|Parent company||Penguin Random House|
|Founders||John Lane and Elkin Mathews|
|Country of origin||United Kingdom|
The Bodley Head is an English publishing house, founded in 1887 and existing as an independent entity until the 1970s. The name was used as an imprint of Random House Children's Books from 1987 to 2008. In April 2008, it was revived as an adult non-fiction imprint within Random House's CCV division.
As of 2019, The Bodley Head is an imprint of Vintage Publishing UK.
Originally Elkin Mathews and John Lane, The Bodley Head was a partnership set up in 1887 by John Lane (1854–1925) and Elkin Mathews (1851–1921), to trade in antiquarian books in London. It took its name from a bust of Sir Thomas Bodley, the eponymist of the Bodleian Library in Oxford, above the shop door. Lane and Mathews began in 1894 to publish works of ‘stylish decadence’, including the notorious literary periodical The Yellow Book. Also notable amongst Bodley Head's pre-Great War books were the two volume sets: Foundations of the Nineteenth Century (1910 and later editions, selling over fifty thousand copies), and Immanuel Kant, both by Houston Stewart Chamberlain.
Herbert George Jenkins was a manager at the firm during the first decade of the twentieth century, before leaving to set up his own publishing house in 1912. The Bodley Head became a private company in 1921. In 1926 it published the Book of Bodley Head Verse, an anthology edited by J. B. Priestley. The firm published some mainstream popular authors such as Arnold Bennett and Agatha Christie but ran into financial difficulties. Allen Lane, John Lane's nephew who had inherited control, left in 1936 to found Penguin Books. Before Allen Lane's new company was established, however, he published the first Penguins in 1935 under the imprint of The Bodley Head. Both "Penguin Books" and "The Bodley Head" appeared on the cover.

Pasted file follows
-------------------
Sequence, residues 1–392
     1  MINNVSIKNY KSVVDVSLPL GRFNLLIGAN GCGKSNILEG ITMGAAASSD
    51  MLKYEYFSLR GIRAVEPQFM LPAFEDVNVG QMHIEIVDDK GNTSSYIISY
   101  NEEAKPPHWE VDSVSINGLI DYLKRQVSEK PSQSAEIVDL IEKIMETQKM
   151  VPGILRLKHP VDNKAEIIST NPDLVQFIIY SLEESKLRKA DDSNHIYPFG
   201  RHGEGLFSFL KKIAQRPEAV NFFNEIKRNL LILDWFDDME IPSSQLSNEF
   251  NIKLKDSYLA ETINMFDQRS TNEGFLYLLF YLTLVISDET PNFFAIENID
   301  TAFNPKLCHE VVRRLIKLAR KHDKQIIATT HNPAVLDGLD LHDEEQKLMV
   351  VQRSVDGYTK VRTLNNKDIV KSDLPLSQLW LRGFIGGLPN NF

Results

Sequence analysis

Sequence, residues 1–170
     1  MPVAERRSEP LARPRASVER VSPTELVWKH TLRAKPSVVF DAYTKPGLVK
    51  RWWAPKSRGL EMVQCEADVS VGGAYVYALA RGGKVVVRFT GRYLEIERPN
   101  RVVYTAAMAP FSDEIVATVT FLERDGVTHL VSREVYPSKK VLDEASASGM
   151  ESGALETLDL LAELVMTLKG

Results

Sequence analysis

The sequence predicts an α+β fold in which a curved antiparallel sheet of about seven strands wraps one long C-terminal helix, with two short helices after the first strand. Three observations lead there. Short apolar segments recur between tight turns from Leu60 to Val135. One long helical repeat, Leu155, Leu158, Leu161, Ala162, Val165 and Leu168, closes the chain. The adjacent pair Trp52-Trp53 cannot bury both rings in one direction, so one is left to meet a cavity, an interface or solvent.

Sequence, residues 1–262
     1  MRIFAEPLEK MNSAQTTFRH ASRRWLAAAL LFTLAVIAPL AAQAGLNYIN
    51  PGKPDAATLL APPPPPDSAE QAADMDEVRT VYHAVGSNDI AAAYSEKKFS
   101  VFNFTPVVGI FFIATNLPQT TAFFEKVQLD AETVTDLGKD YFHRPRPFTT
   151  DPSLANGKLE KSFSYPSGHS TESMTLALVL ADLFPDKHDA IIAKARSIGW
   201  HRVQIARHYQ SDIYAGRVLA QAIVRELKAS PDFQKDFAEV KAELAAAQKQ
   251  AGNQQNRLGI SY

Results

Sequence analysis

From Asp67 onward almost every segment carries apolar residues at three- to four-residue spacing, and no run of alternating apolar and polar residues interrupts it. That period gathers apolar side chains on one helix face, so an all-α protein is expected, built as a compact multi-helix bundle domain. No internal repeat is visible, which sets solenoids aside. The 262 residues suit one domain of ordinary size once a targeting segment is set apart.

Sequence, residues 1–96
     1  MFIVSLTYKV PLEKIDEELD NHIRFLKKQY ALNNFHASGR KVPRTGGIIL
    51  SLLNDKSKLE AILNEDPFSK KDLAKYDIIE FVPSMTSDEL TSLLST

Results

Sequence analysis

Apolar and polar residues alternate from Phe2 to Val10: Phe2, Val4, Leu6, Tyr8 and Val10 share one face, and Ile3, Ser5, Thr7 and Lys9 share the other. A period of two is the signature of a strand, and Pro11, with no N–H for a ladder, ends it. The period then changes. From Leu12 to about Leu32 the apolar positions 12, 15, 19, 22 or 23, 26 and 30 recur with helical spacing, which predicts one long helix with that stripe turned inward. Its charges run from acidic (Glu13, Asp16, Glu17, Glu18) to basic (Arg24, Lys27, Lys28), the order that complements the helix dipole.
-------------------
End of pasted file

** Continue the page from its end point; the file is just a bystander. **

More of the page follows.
The Bodley Head continued after 1936 backed by a consortium of Allen & Unwin, Jonathan Cape, and J. M. Dent. In 1941, John Lane the Bodley Head took over two smaller publishing houses, Gerald Howe Ltd and Martin Hopkinson & Co., whose authors included Cecil Day Lewis and H. L. Mencken.
The firm was bought in 1957 by Ansbacher & Co., headed by Max Reinhardt. During this period Bodley Head published the work of authors such as George Bernard Shaw, Graham Greene, Charles Chaplin, William Trevor, Maurice Sendak, Muriel Spark, Alexander Solzhenitsyn, Sam Haskins and Alistair Cooke. Max Reinhardt was also responsible for the expansion of one of the outstanding children's books lists in modern publishing. The imprint was still important in the 1970s when it was drawn into the Jonathan Cape/Chatto & Windus group. The firm was sold to Random House in 1987, who published children's books under The Bodley Head name until 2008.
The archives of The Bodley Head Ltd are kept at Reading University.
The Bodley Head imprint was relaunched by Random House as an adult imprint in April 2008. Its two principal strands are stated to be books "of scholarship in both the humanities and sciences", and books which "contribute to the intellectual and cultural climate of our times".